The science of choosing a hotel
Updated: Nov 3, 2018
Many think that it does not matter where you stay while traveling because you just use the bed and shower and spend the rest of the time elsewhere, while others see the accommodation as part of the travel experience. I’m somewhere in the middle, not necessarily seeking for luxury, but it is definitely not indifferent where I stay.
As an introverted person I need my own space to recharge batteries, also when traveling. This is mainly the reason why I choose hotels over hostels or other more social types of accommodation. Still the methods I write about here could of course be used with any types of accommodation.
Three or four stars is my usual choice, but as the stars itself don’t necessarily tell anything about the quality, I value customer reviews the most. Along with the customer rating, the written reviews are even more useful, as people value things differently.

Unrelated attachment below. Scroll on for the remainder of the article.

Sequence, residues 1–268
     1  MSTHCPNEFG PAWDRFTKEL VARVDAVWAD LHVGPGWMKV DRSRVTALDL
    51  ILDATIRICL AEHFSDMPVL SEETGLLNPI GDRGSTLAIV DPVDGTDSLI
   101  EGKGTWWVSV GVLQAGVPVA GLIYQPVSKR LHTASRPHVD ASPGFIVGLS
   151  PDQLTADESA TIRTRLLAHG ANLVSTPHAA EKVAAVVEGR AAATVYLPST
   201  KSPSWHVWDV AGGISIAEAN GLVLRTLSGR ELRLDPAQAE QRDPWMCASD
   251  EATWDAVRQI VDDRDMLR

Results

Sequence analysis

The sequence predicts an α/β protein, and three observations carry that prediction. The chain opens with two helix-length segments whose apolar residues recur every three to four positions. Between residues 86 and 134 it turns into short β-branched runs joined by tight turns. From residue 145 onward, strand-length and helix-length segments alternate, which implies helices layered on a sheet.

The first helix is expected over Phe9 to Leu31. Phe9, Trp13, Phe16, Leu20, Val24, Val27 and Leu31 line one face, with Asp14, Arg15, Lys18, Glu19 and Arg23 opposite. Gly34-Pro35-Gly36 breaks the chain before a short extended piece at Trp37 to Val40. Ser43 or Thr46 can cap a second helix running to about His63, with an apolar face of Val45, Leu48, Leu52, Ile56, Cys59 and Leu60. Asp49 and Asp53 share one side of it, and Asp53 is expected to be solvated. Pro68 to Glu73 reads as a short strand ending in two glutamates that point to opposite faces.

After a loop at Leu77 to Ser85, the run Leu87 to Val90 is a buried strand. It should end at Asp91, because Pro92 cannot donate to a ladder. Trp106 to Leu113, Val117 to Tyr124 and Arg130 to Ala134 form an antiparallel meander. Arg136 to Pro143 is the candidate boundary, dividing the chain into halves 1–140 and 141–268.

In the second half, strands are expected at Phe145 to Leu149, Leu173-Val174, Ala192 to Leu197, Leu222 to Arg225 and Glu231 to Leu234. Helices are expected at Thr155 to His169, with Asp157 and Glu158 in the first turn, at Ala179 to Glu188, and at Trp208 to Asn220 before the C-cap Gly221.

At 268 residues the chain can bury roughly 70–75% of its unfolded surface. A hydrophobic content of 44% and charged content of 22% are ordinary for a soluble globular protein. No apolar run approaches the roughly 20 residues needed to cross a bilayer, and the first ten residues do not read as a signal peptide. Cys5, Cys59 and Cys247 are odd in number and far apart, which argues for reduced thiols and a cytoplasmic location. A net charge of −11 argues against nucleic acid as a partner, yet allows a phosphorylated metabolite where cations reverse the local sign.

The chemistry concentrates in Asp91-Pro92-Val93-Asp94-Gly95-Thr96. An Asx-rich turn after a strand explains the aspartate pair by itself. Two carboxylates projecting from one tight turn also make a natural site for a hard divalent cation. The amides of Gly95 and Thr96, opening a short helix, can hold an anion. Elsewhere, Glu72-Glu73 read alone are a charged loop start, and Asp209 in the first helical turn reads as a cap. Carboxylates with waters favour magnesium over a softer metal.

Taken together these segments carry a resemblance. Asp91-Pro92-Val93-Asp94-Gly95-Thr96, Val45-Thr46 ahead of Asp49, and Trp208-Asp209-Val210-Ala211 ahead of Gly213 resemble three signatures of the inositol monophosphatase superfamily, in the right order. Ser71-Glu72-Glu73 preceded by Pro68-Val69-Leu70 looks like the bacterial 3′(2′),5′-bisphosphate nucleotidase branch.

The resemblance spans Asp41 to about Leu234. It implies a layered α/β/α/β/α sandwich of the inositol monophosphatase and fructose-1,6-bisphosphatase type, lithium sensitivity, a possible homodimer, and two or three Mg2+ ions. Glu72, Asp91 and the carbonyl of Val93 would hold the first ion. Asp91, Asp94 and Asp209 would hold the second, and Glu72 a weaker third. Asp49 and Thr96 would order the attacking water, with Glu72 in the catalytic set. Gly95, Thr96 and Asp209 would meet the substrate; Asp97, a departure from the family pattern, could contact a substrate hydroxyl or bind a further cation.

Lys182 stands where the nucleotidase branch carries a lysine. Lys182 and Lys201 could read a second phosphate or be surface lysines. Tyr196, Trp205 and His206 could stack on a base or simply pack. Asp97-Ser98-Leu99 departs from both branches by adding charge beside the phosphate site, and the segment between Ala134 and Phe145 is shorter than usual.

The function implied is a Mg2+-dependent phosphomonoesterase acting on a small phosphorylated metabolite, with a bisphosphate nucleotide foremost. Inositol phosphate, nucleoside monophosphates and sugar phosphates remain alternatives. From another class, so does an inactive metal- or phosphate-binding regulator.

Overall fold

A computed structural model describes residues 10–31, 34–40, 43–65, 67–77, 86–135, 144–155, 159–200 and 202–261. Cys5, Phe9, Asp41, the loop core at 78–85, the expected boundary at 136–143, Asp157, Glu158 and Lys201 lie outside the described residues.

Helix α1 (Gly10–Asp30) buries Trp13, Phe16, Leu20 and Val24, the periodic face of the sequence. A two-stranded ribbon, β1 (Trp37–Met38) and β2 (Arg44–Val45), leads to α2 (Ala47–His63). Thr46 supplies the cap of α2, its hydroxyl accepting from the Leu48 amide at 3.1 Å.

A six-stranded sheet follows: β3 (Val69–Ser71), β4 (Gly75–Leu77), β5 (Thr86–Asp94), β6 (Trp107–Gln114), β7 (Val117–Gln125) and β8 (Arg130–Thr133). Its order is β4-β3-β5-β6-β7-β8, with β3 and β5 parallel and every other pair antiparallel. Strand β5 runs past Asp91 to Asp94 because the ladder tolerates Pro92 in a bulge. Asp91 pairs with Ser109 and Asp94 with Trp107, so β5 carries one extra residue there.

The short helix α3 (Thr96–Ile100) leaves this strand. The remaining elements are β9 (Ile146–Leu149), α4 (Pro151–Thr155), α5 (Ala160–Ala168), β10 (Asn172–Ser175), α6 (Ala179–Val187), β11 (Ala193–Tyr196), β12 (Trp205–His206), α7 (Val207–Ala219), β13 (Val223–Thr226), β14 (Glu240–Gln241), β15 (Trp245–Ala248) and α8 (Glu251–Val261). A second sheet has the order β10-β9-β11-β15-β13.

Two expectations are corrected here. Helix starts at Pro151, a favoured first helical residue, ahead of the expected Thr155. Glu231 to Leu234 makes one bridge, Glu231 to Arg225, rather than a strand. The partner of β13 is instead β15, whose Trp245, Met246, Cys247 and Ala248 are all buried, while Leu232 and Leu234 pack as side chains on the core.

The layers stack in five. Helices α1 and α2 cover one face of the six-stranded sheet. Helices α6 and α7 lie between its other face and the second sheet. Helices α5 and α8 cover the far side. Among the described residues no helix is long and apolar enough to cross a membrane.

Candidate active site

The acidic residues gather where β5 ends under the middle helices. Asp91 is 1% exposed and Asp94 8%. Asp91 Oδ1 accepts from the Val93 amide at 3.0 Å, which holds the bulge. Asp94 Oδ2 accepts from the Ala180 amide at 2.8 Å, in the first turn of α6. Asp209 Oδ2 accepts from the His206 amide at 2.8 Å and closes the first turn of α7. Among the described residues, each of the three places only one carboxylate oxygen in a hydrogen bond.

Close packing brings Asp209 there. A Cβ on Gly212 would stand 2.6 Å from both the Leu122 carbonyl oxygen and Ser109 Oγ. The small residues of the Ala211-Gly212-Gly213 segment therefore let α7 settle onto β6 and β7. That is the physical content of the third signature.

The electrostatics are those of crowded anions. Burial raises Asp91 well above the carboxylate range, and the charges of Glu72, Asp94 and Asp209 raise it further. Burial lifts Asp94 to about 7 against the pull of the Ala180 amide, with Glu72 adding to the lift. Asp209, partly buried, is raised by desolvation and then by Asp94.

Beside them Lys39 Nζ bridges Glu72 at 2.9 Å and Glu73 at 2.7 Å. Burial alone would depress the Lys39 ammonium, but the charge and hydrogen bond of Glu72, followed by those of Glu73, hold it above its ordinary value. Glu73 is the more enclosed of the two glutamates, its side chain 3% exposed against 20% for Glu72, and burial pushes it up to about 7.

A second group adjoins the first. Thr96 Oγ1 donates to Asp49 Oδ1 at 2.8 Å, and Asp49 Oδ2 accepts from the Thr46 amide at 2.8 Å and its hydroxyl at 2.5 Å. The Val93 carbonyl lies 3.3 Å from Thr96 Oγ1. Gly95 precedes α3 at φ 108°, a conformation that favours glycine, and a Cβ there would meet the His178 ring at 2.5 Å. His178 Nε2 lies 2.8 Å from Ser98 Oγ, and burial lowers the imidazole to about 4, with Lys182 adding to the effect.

Breakfast and free Wi-Fi, please
I usually want to have breakfast in the hotel, so when comparing prices I calculate the total price of room plus breakfast. It sounds like a good deal to have “free” breakfast, but on the other hand paying it separately gives you more choices.
I also like to have a safe in the room to store my passport, extra cash and such. On shorter trips it is not that important but I consider it an advantage when comparing hotels. Free Wi-Fi is such a basic commodity nowadays that I skip all the hotels that does not provide it.
The longer the trip, the more time you spend in the hotel room, so the room and bed sizes comes to picture. During summer you might want to check from the customer reviews that the air-conditioning is not only available, but actually works.